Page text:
Saturday, April 14, 2012

Arena Effort Dead

Yesterday Mayor Kevin Johnson admitted “Is the deal as we know it dead? Absolutely.”  According to the Sacramento Press, The breaking point for Johnson, he said, was the Maloofs’ refusal to put up collateral for the city’s refinance of their loan. I personally can’t believe this was not in the agreed upon in the March 1st framework… but apparently it wasn’t. In addition, the Maloof’s also refused to pay $3.26 million in pre-development costs for a building they would not own. This doesn’t sound all that odd to me. Why as a renter of a new building (Maloof’s) would they also pay for the pre-development costs? Those costs are traditionally picked up by the owners which in this case would be the city.

This is all a sad state of affairs. If the Kings go, don’t think the city will just pick-up an expansion team to fill the void. … that would be an additional cost of $100 to $300 million payed to the NBA and its owners.


wburg said...

Every small business owner I have ever met had to pay fees to open their business, even if they were a tenant, and had to pay for their own tenant improvements. But none of those tenants had the right to receive income from advertising on the side of the building (like the Maloofs did, they were going to get 50% of the naming rights money) or to make money off the parking lot (like the Maloofs did, they were going to get parking revenue on Kings game days) or the right to not pay fees if not enough people used the parking (like the Maloofs did, if their parking income went below a threshold they didn't have to pay the city surcharge that would have backfilled some of the lost parking revenue.)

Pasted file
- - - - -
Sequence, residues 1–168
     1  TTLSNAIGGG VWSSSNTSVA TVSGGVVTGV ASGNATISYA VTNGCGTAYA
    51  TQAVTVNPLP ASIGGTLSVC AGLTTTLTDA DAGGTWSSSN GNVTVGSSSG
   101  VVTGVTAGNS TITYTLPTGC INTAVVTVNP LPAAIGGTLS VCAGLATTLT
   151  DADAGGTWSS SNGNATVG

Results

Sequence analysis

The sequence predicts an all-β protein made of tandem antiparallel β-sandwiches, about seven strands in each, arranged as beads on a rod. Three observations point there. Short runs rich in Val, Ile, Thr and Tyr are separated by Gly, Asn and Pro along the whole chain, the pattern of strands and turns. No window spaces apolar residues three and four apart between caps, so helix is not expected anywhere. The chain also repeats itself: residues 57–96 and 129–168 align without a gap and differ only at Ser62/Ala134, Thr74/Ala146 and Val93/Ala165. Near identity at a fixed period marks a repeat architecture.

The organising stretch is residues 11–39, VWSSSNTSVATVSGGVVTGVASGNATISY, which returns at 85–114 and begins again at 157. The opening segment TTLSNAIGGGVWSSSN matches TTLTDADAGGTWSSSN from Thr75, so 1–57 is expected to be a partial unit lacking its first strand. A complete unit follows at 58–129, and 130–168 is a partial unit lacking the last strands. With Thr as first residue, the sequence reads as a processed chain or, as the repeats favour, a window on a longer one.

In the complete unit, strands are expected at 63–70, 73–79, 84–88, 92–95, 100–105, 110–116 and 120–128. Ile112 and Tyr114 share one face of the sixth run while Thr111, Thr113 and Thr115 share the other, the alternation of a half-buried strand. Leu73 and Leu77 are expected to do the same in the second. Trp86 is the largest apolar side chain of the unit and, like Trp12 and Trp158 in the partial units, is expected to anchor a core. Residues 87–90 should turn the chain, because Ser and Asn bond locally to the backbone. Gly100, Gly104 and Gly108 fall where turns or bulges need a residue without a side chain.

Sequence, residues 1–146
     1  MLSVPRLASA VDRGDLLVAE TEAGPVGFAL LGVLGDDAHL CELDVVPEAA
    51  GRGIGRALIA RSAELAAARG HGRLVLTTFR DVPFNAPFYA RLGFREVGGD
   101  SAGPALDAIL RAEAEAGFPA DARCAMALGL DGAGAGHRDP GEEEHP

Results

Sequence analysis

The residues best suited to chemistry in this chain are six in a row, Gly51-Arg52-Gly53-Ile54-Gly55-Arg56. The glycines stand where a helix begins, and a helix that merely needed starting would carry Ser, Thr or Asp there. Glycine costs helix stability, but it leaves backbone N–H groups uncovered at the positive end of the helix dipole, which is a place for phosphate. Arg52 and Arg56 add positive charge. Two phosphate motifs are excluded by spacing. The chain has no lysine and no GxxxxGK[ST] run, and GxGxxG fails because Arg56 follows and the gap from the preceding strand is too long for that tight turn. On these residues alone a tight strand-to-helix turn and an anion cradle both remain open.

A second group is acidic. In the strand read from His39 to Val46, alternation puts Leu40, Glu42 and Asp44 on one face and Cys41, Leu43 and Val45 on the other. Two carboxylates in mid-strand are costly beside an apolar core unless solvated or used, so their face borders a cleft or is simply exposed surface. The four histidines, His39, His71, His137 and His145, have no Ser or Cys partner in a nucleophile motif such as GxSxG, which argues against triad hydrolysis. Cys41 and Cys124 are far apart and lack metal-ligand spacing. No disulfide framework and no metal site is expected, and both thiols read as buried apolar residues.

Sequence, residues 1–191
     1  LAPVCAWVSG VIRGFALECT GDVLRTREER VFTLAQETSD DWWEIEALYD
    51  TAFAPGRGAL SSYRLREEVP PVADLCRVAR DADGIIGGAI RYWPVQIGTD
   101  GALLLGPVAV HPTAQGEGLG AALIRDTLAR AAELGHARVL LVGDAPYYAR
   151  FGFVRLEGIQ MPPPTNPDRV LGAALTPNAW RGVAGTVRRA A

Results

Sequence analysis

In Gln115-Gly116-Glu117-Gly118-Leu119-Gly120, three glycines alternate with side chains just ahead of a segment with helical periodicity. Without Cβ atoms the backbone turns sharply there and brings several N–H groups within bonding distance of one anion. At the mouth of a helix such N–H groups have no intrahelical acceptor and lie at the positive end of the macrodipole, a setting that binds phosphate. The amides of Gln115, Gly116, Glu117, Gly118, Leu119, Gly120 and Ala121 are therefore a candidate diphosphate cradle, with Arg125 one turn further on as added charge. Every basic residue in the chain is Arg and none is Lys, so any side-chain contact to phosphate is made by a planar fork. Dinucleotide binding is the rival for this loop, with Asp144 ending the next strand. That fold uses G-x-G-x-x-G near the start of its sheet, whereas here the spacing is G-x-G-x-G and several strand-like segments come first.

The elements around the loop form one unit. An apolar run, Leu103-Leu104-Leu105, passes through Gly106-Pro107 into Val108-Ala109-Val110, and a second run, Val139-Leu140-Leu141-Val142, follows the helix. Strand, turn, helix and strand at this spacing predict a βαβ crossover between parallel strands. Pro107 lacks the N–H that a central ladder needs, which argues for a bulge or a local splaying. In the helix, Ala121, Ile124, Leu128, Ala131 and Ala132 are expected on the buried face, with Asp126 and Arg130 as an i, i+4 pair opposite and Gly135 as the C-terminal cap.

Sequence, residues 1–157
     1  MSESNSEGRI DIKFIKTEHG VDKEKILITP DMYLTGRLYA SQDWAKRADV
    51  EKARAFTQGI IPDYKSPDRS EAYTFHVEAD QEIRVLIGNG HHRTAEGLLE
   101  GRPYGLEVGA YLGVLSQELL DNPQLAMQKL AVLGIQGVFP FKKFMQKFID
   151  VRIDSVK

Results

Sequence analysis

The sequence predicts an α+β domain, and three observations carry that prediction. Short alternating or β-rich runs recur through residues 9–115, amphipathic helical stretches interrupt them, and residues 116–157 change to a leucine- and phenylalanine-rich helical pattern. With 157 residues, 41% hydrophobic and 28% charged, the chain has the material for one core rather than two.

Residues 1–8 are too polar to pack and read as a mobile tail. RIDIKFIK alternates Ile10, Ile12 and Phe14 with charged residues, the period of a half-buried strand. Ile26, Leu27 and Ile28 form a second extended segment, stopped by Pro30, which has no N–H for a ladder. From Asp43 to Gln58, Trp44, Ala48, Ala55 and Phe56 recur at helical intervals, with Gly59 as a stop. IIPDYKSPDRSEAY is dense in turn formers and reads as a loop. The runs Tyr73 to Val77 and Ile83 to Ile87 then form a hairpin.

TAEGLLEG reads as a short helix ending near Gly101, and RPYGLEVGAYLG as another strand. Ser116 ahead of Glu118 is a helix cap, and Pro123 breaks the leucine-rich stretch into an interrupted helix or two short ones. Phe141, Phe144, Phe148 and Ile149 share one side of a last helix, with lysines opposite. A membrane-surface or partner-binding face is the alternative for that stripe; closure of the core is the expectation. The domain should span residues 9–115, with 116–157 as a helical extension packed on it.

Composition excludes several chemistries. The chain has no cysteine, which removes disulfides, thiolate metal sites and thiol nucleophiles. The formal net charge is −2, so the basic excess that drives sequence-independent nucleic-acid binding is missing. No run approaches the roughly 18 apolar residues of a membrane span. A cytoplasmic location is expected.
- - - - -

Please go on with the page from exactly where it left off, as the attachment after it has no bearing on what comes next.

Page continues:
The new business model for NBA teams is apparently "The city pays for everything, the team makes all the money." Seattle demanded by public vote that any future arena deal be fair and equitable to the city, with the end result that they won't get an NBA team until the business model changes.

I agree that it is utterly ridiculous that the Maloofs weren't expected to put up any collateral at all for this new loan--of course, what do they have to put up? The plan would have cost them their only tangible asset, the existing arena. I don't think they could use their 2% of the casino as collateral (can cities own casinos?) or their Wells Fargo stock--and the only other thing they own is a 52% share of the Kings. While that IS something that could be used for collateral (we're due a $25 million share of the Kings if they leave town) I don't think the NBA would be happy with a city owning majority interest in an NBA team, because they would no longer be able to blackmail that city into providing new arenas with the threat of the team leaving town.

Jeff said...

The Warriors are looking for a new home and their owners actually have money.